Arlington has been trapping feral hogs for years, but has recently taken a different approach that is saving taxpayers some serious bacon.
”Every time we caught the hogs, we had to euthanize it,” said Ray Rentschel, Animal Services field supervisor. “After sedating the hogs with dangerous drugs, we’d haul them off to bury them in the landfill. The hogs were buried a certain way because of the drugs, so it became costly.” Euthanization cost taxpayers $100 to $120 per animal.
Today, the city’s hog trapping program is actually generating revenue. Thanks to a Tomorrow Fund grant, the city now loads the captured hogs into a trailer and transports them to a Fort Worth meat processor, receiving $10 or $100 per animal. .
Since October the city has received approximately $900, money that’s being used to purchase new traps to control the feral hog population.
Earlier this month, one of those corn-baited traps captured a 160-pound boar regularly seen eating acorns in a neighborhood near Lamar and Green Oaks boulevards. As he was being loaded into the trailer, the feisty hog tried to escape and even sprayed water at one person.
Rentschel is glad the hog was caught before moving into River Legacy Park or the surrounding neighborhoods. According to the Texas AgriLife Extension Service, feral hogs in Texas cause an estimated $52 million dollars in damage annually to the agricultural industry.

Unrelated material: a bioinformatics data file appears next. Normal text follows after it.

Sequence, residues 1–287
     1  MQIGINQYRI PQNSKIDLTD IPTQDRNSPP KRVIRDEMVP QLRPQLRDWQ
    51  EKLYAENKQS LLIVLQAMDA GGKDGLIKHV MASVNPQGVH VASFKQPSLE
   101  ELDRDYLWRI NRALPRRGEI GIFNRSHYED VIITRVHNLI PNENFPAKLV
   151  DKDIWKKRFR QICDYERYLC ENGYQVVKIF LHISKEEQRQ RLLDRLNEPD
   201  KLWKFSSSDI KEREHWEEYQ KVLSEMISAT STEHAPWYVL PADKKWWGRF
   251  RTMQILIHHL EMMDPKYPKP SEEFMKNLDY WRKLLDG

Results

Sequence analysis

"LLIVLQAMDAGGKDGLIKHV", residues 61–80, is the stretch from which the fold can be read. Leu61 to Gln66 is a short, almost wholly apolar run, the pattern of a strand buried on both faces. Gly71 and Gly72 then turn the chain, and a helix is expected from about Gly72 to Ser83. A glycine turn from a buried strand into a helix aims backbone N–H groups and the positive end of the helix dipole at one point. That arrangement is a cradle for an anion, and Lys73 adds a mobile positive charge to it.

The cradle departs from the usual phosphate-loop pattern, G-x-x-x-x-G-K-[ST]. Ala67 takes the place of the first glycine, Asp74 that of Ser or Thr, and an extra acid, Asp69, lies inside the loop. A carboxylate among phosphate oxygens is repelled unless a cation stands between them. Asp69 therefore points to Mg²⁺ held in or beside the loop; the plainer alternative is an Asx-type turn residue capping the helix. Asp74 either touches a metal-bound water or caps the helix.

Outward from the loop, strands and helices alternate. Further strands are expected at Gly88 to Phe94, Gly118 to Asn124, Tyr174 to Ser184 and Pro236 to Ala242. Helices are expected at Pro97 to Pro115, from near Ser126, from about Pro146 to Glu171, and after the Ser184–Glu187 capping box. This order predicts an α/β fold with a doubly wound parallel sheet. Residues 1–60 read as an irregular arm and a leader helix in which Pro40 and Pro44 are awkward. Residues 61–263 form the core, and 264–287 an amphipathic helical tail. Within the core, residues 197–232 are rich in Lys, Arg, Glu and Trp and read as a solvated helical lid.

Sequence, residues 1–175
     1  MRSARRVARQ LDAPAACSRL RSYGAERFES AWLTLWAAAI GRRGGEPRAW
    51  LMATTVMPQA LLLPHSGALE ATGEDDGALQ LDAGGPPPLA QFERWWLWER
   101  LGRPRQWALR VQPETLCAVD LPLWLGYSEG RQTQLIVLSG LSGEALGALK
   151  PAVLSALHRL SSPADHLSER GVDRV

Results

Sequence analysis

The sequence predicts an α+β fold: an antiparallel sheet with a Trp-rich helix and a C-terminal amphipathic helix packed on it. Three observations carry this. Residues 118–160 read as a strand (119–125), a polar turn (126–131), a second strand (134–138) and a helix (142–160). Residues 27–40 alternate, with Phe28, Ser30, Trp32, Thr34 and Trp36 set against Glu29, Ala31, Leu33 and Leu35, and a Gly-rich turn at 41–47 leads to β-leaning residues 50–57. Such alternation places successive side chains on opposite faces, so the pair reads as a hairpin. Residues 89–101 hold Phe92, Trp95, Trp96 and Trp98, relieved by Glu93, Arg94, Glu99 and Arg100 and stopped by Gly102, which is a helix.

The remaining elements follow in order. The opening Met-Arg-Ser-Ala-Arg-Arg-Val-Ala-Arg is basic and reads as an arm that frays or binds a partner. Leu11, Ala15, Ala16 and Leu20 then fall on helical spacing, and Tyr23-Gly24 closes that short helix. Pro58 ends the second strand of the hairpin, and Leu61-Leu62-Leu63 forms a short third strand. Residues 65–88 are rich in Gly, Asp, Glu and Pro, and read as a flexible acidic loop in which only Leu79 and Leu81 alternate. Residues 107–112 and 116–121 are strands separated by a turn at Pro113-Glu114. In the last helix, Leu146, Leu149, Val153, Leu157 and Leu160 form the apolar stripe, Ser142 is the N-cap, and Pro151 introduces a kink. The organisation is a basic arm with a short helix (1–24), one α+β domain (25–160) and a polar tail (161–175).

Although feral hogs are known to be aggressive, no injuries to people have been reported. Motorists have struck and killed at least two hogs – one weighing more than 250 pounds – on the northern stretch of Green Oaks Boulevard.
For the past two years, the city has done a great job of dealing with the wild pig populations, which can increase quickly.
“Animal services caught and euthanized 34 hogs in 2010,” Rentschel said. “No traps were set in 2011 because few of the animals were sighted. They came back again this year really strong to where we started trapping again.”